Are you at risk of a criminal attack while doing yard work? The Buckeye Firearms site just asked that question. (click to read)
I live in a very safe neighborhood and seldom worry as I work outside in the yard. The one thing I do do that’s mentioned in the article is to shut my garage door when I’m working in the back yard.
However, last year something happened that caused me to pause as to how quickly an undesirable situation can occur. I was chatting with a neighbor in front of my garage. Nearby another neighbor who is a policeman was home, as was another neighbor who is an EMT supervisor and former military guard.
All of a sudden a teenager came running through one of the yards, just as the policeman’s wife was arriving home. The kid ran up to the wife’s car then to her window. We could tell the kid wasn’t ‘acting right’ so we became alert. Soon her husband came running out of the house. By that time the kid was up to my drive and staring at me. I’ve never been around people who are on drugs, but I could tell by his eyes that “the lights were on but no one was home”. I grabbed the first big tool – a shovel – in case he proceeded up my drive. He continued on up the street, stripping off his clothes along the way.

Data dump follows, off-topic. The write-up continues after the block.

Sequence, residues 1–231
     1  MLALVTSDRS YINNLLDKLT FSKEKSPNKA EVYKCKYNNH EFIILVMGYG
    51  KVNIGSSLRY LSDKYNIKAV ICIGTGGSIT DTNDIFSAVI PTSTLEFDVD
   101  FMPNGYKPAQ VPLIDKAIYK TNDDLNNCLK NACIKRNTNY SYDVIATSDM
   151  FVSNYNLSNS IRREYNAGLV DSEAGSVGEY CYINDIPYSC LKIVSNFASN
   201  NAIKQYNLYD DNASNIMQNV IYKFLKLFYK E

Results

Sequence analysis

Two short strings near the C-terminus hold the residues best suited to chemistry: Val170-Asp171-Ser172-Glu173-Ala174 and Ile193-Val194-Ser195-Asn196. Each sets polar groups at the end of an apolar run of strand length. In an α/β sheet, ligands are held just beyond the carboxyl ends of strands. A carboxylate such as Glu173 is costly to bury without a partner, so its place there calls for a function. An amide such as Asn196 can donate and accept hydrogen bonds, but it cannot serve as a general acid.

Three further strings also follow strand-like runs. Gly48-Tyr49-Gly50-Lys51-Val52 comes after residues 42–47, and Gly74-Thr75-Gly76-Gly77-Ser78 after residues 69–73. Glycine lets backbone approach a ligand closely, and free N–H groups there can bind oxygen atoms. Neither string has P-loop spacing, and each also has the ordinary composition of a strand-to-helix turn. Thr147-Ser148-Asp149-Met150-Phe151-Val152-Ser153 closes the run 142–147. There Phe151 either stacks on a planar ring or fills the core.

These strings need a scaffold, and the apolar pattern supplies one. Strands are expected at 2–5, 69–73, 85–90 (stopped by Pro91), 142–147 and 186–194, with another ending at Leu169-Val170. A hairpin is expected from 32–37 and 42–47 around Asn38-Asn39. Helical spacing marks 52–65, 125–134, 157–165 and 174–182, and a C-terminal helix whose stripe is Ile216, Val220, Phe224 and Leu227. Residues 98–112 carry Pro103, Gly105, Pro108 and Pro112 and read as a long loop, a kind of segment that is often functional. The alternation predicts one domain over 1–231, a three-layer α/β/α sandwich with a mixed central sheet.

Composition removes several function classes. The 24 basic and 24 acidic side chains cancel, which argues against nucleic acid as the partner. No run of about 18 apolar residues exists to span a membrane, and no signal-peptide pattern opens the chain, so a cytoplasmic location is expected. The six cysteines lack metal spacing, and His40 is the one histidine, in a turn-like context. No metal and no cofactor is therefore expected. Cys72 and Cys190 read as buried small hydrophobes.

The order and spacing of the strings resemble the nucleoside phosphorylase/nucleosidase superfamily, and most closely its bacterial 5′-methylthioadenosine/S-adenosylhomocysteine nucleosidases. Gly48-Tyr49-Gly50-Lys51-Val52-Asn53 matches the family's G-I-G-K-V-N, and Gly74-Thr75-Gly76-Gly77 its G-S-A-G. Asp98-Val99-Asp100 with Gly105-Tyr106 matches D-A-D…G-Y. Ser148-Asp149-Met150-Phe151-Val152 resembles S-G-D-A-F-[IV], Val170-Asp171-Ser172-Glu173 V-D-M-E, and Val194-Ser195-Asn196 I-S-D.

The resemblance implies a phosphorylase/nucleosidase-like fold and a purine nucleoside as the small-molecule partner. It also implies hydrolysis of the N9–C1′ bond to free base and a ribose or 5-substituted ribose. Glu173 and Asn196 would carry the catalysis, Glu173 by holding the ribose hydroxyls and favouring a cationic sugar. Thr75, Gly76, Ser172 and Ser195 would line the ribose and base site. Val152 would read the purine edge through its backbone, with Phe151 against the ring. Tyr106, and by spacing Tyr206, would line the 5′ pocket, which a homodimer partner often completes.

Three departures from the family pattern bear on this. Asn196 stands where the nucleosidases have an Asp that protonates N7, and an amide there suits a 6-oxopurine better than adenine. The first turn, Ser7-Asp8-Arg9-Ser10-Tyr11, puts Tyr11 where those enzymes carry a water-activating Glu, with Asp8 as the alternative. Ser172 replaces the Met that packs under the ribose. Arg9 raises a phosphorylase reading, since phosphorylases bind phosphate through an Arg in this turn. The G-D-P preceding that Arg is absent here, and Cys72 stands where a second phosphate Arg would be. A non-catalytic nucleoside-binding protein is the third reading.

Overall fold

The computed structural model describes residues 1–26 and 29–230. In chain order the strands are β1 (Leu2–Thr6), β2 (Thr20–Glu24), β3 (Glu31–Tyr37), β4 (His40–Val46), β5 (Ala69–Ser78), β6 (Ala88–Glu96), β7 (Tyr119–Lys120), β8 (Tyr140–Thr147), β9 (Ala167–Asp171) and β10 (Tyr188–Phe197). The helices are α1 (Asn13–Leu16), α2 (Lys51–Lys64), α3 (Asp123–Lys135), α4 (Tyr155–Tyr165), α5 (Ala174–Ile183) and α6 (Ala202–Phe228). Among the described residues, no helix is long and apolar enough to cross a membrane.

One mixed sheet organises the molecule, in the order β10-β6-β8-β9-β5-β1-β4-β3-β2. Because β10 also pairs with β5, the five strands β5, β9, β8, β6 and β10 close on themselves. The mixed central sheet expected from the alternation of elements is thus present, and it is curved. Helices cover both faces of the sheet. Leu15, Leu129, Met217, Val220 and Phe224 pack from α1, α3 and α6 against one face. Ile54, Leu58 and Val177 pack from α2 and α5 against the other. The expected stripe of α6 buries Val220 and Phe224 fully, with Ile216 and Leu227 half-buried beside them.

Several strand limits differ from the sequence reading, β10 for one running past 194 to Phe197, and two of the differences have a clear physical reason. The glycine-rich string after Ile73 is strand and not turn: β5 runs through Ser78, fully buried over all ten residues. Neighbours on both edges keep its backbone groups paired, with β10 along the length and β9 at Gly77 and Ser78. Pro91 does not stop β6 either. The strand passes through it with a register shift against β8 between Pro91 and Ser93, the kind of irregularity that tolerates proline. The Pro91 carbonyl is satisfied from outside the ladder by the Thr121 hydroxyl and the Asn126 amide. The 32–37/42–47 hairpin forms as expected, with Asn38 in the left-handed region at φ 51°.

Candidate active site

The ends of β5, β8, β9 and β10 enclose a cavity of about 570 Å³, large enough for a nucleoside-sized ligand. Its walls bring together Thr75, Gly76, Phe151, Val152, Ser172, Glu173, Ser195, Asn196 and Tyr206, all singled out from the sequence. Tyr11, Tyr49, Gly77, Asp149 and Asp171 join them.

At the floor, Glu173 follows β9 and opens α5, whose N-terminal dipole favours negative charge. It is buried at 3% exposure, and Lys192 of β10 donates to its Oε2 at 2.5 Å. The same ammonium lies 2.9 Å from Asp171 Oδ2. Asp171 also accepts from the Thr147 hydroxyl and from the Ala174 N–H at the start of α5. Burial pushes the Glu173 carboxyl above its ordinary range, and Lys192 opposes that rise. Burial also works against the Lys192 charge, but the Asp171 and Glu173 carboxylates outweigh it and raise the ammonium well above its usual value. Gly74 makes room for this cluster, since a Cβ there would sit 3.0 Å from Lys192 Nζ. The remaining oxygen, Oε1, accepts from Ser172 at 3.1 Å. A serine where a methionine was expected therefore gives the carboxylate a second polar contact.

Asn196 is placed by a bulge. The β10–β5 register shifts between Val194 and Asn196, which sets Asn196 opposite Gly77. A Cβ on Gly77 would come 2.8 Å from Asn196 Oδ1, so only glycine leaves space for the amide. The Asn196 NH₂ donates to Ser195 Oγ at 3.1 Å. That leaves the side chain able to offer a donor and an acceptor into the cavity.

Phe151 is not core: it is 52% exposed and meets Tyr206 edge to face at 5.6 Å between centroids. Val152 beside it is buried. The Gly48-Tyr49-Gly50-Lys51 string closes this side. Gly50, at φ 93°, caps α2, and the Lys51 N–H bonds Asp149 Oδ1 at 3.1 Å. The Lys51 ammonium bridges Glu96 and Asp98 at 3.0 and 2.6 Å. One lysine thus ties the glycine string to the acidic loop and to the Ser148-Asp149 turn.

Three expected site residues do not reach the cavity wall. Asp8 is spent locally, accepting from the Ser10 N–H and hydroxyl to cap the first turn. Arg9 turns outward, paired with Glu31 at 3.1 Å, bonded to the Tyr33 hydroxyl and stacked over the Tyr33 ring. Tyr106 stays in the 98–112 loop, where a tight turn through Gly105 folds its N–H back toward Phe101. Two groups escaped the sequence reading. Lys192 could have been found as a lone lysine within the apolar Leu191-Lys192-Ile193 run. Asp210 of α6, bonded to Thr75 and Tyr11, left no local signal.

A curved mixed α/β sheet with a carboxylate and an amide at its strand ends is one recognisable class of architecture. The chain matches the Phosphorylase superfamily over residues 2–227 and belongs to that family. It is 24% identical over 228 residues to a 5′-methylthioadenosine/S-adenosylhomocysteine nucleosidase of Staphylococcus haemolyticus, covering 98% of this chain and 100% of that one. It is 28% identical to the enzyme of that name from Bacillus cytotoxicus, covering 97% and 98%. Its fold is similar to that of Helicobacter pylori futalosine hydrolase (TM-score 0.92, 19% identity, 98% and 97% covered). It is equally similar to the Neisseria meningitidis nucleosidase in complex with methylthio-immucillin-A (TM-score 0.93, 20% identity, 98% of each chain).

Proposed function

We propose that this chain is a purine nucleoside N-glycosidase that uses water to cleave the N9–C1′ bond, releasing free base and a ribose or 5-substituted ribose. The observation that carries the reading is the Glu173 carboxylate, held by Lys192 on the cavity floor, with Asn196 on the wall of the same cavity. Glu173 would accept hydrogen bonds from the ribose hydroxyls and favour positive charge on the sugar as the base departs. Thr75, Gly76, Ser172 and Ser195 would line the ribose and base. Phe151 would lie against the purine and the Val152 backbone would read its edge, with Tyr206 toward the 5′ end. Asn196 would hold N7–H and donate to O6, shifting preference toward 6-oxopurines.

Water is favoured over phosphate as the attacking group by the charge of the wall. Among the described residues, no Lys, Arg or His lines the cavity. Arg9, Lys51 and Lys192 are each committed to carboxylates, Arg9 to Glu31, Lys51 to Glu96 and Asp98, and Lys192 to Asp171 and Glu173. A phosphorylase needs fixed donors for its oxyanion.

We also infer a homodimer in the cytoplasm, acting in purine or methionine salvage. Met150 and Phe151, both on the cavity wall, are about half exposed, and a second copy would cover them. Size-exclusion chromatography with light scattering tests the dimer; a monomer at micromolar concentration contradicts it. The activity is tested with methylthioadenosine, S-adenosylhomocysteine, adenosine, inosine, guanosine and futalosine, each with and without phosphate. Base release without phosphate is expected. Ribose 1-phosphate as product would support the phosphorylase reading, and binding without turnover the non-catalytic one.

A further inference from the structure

Now the EMT guy was out so he and the cop chased and ultimately caught the kid and held him until the police arrived.
Later we learned he had been to a party another teen held since his parents were out-of-town for the weekend. They had multiple types of drugs. This kid tested to have several different drugs in his system.
This event was a wake-up call for me. I realized that someone on drugs does not act rationally and I’ve heard that they are difficult to ‘take-down’ because they don’t feel the pain. Michael Brown (Ferguson, MO) was an example of this. He was a very large man under the influence of drugs. Even though the policeman shot him several times, he wasn’t stopped until he was shot in the head.
Whether watching the Boston Marathon, attending a movie, sitting in a comapny meeting or dancing with friends in a bar, we don’t know when our lives might be in danger. Our lives can change in an instant. We each have to decide how we want to handle that danger – be a victim or be a survivor.